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Deprecating Site Local Addresses
RFC 3879

Document type: RFC - Proposed Standard (September 2004; No errata)
Document stream: IETF
Last updated: 2013-03-02
Other versions: plain text, pdf, html

IETF State: (None)
Consensus: Unknown
Document shepherd: No shepherd assigned

IESG State: RFC 3879 (Proposed Standard)
Responsible AD: Margaret Wasserman
Send notices to: No addresses provided

Network Working Group                                         C. Huitema
Request for Comments: 3879                                     Microsoft
Category: Standards Track                                   B. Carpenter
                                                          September 2004

                    Deprecating Site Local Addresses

Status of this Memo

   This document specifies an Internet standards track protocol for the
   Internet community, and requests discussion and suggestions for
   improvements.  Please refer to the current edition of the "Internet
   Official Protocol Standards" (STD 1) for the standardization state
   and status of this protocol.  Distribution of this memo is unlimited.

Copyright Notice

   Copyright (C) The Internet Society (2004).


   This document describes the issues surrounding the use of IPv6 site-
   local unicast addresses in their original form, and formally
   deprecates them.  This deprecation does not prevent their continued
   use until a replacement has been standardized and implemented.

1.  Introduction

   For some time, the IPv6 working group has been debating a set of
   issues surrounding the use of "site local" addresses.  In its meeting
   in March 2003, the group reached a measure of agreement that these
   issues were serious enough to warrant a replacement of site local
   addresses in their original form.  Although the consensus was far
   from unanimous, the working group confirmed in its meeting in July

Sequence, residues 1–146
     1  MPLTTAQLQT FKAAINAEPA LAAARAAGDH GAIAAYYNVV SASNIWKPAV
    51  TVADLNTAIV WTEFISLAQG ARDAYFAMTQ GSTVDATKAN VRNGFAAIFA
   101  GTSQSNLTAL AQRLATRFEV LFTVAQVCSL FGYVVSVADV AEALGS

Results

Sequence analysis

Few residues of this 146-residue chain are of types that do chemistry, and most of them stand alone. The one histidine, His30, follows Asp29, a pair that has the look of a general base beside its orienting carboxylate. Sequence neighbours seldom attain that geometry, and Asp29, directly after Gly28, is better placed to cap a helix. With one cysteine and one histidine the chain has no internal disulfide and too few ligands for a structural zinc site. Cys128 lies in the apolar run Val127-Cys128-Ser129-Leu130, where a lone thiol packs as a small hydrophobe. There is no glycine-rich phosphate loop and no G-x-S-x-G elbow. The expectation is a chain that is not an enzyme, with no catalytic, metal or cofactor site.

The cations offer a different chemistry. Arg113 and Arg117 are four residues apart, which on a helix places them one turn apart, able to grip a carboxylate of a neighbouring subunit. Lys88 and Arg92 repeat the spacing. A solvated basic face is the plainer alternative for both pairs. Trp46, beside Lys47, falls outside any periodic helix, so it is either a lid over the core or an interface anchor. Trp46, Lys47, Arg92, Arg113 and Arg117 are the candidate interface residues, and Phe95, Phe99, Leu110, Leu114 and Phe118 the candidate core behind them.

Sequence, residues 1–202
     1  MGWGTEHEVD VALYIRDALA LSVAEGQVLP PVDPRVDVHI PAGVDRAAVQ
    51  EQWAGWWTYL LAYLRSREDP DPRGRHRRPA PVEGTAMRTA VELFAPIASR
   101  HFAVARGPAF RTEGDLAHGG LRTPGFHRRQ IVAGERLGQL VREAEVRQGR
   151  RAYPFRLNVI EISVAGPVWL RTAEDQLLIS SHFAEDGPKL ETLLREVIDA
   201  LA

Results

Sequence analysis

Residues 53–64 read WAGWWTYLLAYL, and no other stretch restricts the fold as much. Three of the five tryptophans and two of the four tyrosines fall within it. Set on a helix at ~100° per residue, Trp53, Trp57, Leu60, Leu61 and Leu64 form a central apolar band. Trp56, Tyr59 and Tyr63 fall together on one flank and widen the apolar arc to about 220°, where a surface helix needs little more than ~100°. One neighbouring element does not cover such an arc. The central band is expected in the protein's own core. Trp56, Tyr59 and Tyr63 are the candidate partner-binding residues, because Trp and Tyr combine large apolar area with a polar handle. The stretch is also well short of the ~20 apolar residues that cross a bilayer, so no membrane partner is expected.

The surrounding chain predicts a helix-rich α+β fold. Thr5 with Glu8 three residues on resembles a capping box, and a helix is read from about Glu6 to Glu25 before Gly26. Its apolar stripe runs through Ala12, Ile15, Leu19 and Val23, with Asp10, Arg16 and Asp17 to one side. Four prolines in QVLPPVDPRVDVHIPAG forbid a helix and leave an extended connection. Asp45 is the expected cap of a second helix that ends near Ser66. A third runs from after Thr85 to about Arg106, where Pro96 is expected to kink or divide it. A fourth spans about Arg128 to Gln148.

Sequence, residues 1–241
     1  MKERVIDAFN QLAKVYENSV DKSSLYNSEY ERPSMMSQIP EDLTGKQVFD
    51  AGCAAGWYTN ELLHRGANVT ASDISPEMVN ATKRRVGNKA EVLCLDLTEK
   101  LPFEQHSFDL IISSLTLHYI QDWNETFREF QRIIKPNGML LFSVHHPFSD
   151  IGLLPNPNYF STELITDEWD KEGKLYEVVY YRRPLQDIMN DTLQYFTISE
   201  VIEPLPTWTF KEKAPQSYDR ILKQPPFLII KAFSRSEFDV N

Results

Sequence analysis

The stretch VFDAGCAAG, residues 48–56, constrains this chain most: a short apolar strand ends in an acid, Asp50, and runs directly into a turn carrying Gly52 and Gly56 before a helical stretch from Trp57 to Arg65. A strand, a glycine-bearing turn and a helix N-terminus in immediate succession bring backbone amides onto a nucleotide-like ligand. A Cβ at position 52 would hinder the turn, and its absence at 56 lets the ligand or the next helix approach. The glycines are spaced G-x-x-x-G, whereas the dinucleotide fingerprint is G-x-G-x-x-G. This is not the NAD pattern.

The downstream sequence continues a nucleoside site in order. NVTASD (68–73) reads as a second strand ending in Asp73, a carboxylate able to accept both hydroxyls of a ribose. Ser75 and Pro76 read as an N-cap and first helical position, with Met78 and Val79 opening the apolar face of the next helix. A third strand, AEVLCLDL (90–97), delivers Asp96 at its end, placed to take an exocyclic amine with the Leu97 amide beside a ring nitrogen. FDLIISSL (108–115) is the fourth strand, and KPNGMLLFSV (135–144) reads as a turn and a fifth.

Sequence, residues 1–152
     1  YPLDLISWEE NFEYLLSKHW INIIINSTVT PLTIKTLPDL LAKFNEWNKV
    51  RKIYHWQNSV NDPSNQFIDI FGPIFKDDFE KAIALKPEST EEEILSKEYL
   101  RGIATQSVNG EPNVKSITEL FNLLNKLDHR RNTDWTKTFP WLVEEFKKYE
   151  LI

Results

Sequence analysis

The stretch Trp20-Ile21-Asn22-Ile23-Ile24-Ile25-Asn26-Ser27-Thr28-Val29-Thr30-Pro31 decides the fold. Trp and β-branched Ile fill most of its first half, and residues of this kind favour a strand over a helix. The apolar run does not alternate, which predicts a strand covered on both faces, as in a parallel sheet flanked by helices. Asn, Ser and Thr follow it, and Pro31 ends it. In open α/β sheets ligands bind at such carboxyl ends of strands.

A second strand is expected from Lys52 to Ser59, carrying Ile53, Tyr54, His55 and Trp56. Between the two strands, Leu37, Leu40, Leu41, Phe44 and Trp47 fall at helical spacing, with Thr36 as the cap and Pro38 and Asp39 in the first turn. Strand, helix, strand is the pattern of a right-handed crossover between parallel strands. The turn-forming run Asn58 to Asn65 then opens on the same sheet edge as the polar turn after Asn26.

2003 the need to document these issues and the consequent decision to
   deprecate IPv6 site-local unicast addresses.

   Site-local addresses are defined in the IPv6 addressing architecture
   [RFC3513], especially in section 2.5.6.

   The remainder of this document describes the adverse effects of
   site-local addresses according to the above definition, and formally
   deprecates them.

Huitema & Carpenter         Standards Track                     [Page 1]
RFC 3879            Deprecating Site Local Addresses      September 2004

   Companion documents will describe the goals of a replacement solution
   and specify a replacement solution.  However, the formal deprecation
   allows existing usage of site-local addresses to continue until the
   replacement is standardized and implemented.

   The key words "MUST", "MUST NOT", "REQUIRED", "SHALL", "SHALL NOT",
   document are to be interpreted as described in BCP 14, RFC 2119

2.  Adverse Effects of Site Local Addresses

   Discussions in the IPv6 working group outlined several defects of the
   current site local addressing scope.  These defects fall in two broad
   categories: ambiguity of addresses, and fuzzy definition of sites.

   As currently defined, site local addresses are ambiguous: an address
   such as FEC0::1 can be present in multiple sites, and the address
   itself does not contain any indication of the site to which it
   belongs.  This creates pain for developers of applications, for the
   designers of routers and for the network managers.  This pain is
   compounded by the fuzzy nature of the site concept.  We will develop
   the specific nature of this pain in the following section.

2.1.  Developer Pain, Scope Identifiers

   Early feedback from developers indicates that site local addresses
   are hard to use correctly in an application.  This is particularly
   true for multi-homed hosts, which can be simultaneously connected to
   multiple sites, and for mobile hosts, which can be successively
   connected to multiple sites.

   Applications would learn or remember that the address of some
   correspondent was "FEC0::1234:5678:9ABC", they would try to feed the
   address in a socket address structure and issue a connect, and the
   call will fail because they did not fill up the "site identifier"
   variable, as in "FEC0::1234:5678:9ABC%1".  (The use of the %
   character as a delimiter for zone identifiers is specified in
   [SCOPING].)  The problem is compounded by the fact that the site
   identifier varies with the host instantiation, e.g., sometimes %1 and
   sometimes %2, and thus that the host identifier cannot be remembered
   in memory, or learned from a name server.

   In short, the developer pain is caused by the ambiguity of site local
   addresses.  Since site-local addresses are ambiguous, application
   developers have to manage the "site identifiers" that qualify the

Huitema & Carpenter         Standards Track                     [Page 2]

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